Wednesday, June 15, 2016

Latest Tranche of Quay Cranes Arrive at Britain's Newest Deep Water Container Port

London Gateway Third Berth Opening Will Mean Greatest Capacity in UK for Ultra Large Box Vessels
Shipping News Feature
UK – Under lowering skies our photo shows the Zhen Hua 10 positioned by her accompanying tugs alongside Berth 3 at London’s newest deep water port, London Gateway, on the north bank of the River Thames. The first two cranes for the new berth are to be offloaded by way of specially installed rail tracks over the next few days when time and tide are suitable. The cranes have completed the long three and a half month ocean voyage from China, with two more of their giant siblings due next week.

The new berth is a sister to the two already established quays meaning the new port will have 1250 metres of straight deep-water berths and more capacity for ultra-large container vessels than any other facility in the UK. Like their sisters, the new cranes stand as tall as the London Eye at 138 metres and are visible from many miles away. Each of the huge units weigh in at 2,000 tonnes and, when the ships deck and the quay have been levelled at the window of the turning high tide, each will be pulled onto the newly fitted rails using pulleys and winches in a well-rehearsed process which previously has taken just 45 minutes.

DP World, which owns the port, says the cranes provide the greatest lift-height above water of any quay cranes in the UK, future proofing them against the ever larger box vessels we see in play today, thus ensuring that whatever the European referendum brings the country can remain competitive, with the ability to handle the largest container ships in the world. The company installed a fleet of hybrid shuttle carriers in April to add to a further 20 automated stacking cranes and additional 10 modules, and London Gateway has the ability to certify the verified gross mass (VGM) of every export box, as required by law from July 1 this year under SOLAS regulations, using the installed technology on its container moving equipment.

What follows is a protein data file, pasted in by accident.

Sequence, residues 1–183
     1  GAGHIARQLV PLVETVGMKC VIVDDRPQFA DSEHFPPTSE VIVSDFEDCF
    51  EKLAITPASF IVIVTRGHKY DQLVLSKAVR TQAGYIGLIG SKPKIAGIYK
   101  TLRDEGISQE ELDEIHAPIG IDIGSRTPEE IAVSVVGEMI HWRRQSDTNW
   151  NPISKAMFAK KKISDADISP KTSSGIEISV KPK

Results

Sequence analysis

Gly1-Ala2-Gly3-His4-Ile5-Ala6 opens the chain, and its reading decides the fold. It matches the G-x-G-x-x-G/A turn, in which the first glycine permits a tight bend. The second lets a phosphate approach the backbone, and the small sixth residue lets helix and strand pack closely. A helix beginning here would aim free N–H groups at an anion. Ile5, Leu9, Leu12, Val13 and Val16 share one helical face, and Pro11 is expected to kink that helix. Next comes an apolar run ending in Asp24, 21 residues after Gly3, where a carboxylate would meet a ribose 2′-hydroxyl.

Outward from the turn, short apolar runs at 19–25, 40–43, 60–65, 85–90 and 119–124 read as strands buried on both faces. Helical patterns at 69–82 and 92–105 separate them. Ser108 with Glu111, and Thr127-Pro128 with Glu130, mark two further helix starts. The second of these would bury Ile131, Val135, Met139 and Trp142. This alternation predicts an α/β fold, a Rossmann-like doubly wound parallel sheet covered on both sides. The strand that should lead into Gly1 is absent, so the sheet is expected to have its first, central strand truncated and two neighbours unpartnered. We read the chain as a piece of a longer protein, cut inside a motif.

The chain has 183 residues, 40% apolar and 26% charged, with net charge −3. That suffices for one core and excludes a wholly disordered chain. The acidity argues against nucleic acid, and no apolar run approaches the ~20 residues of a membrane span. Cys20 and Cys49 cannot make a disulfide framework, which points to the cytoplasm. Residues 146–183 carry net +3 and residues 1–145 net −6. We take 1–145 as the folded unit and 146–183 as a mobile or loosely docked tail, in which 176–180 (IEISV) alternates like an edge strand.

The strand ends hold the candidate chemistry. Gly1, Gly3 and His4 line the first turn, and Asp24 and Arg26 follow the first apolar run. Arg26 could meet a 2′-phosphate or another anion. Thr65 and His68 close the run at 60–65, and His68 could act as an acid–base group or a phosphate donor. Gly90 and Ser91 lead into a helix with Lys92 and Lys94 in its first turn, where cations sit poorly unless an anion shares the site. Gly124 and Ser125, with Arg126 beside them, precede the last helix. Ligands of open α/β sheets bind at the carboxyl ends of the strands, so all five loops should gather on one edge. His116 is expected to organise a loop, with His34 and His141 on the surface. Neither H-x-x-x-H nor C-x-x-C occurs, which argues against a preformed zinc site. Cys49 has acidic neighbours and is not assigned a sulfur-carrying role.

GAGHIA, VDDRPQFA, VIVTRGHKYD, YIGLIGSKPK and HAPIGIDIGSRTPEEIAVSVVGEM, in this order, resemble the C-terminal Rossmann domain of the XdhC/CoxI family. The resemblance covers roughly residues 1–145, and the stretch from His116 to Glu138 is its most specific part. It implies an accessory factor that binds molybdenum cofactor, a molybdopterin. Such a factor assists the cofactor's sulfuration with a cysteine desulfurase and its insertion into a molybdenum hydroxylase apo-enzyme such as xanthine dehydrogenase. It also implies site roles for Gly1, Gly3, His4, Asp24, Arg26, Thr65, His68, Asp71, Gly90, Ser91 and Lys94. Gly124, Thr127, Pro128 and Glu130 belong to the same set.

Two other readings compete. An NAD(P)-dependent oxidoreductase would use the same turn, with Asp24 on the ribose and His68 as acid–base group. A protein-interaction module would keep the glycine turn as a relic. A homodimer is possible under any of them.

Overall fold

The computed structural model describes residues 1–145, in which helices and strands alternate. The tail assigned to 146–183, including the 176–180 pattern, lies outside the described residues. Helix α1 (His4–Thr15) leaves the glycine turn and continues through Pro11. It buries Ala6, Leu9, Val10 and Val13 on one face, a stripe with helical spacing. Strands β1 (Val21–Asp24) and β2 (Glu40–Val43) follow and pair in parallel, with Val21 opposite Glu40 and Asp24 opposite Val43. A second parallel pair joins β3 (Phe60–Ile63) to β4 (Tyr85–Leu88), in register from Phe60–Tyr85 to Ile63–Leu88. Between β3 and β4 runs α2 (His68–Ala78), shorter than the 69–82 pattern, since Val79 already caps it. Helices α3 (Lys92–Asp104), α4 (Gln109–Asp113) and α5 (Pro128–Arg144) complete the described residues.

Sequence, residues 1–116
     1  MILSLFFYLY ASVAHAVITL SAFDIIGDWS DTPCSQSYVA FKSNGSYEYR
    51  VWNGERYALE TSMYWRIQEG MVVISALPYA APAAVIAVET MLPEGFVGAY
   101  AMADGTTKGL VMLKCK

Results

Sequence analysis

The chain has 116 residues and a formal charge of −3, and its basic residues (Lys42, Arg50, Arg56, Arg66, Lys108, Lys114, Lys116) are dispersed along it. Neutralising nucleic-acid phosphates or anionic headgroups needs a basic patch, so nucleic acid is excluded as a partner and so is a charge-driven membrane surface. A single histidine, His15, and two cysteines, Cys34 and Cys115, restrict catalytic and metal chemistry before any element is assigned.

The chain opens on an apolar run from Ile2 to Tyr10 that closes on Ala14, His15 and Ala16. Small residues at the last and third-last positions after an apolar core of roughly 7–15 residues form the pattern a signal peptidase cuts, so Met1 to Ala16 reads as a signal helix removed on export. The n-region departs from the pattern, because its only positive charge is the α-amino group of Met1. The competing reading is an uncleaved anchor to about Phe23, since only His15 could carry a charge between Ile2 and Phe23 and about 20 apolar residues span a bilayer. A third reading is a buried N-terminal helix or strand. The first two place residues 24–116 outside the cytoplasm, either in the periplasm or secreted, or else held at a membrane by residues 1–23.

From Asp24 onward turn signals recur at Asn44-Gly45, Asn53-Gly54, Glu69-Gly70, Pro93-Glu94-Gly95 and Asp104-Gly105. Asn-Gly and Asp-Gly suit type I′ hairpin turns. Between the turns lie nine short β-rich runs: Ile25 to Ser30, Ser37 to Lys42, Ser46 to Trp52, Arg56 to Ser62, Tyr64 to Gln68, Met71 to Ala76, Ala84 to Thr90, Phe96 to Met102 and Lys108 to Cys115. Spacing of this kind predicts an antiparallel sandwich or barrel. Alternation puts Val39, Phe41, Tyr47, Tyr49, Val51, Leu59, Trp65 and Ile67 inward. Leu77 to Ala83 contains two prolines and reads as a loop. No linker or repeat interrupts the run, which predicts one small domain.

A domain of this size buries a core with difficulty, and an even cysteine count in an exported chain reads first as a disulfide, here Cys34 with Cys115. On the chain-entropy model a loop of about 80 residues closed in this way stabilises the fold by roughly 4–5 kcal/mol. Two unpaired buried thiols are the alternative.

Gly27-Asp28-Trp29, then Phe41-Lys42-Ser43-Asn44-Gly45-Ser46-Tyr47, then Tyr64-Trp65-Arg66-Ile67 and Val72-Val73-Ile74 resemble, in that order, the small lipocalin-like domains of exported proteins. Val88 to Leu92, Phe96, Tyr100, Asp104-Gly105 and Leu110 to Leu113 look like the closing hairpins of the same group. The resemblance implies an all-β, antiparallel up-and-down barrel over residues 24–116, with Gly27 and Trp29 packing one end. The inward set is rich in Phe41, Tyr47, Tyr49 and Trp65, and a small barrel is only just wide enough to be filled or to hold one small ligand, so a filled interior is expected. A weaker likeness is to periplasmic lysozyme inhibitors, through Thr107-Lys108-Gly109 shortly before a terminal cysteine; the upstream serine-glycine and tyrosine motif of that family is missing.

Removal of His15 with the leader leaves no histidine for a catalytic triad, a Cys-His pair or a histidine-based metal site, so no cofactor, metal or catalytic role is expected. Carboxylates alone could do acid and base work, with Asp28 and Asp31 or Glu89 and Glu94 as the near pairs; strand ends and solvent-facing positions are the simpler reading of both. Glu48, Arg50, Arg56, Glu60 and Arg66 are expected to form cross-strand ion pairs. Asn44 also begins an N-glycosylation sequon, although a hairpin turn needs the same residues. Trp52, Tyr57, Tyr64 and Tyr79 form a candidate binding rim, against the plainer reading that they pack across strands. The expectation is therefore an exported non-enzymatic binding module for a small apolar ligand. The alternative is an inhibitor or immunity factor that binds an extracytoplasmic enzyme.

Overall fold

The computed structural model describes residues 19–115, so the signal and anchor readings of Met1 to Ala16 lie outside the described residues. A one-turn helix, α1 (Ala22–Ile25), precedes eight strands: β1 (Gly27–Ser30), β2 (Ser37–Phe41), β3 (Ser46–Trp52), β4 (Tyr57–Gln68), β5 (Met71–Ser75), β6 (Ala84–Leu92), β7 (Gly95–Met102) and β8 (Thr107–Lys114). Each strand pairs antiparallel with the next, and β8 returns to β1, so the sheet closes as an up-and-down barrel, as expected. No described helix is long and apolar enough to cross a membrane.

With the adjacent logistics park now taking shape, tenants are beginning to occupy the facilities with work continuing apace on the new 35,000 m2 UPS parcel sorting hub, due to open next year and that company’s largest ever investment outside of its native US. Speaking of these latest developments at the port, Cameron Thorpe, CEO, DP World London Gateway, said:

“As an island nation, it is absolutely vital that the UK has world-class port infrastructure to facilitate trade. In addition to the eight already in operation here, the arrival of these quay cranes and further investment in supplementary infrastructure such as our fully automated truck handling capability, ensures that the UK is able to efficiently and reliably handle the largest container ships afloat. These cranes are unique in the UK. They are safer, more wind resilient, able to lift more containers in one movement and comfortably reach out across and above the largest container ships.

“With DP World London Gateway, the UK has a port and Logistics Park in the very best location for trade, able to meet the demands of the container shipping industry both now and in the future. That all contributes to ensuring those importers and exporters who use the facility, will be more competitive, have a more secure supply chain and experience a faster and more efficient delivery at a lower cost.”

Editor’s Note: For those still confused about the rapidly approaching changes to the SOLAS regulations, which mean every shipper must bear personal responsibility for the correct submission of export container weights, DP World has produced an excellent website dedicated to the situation which you can see here.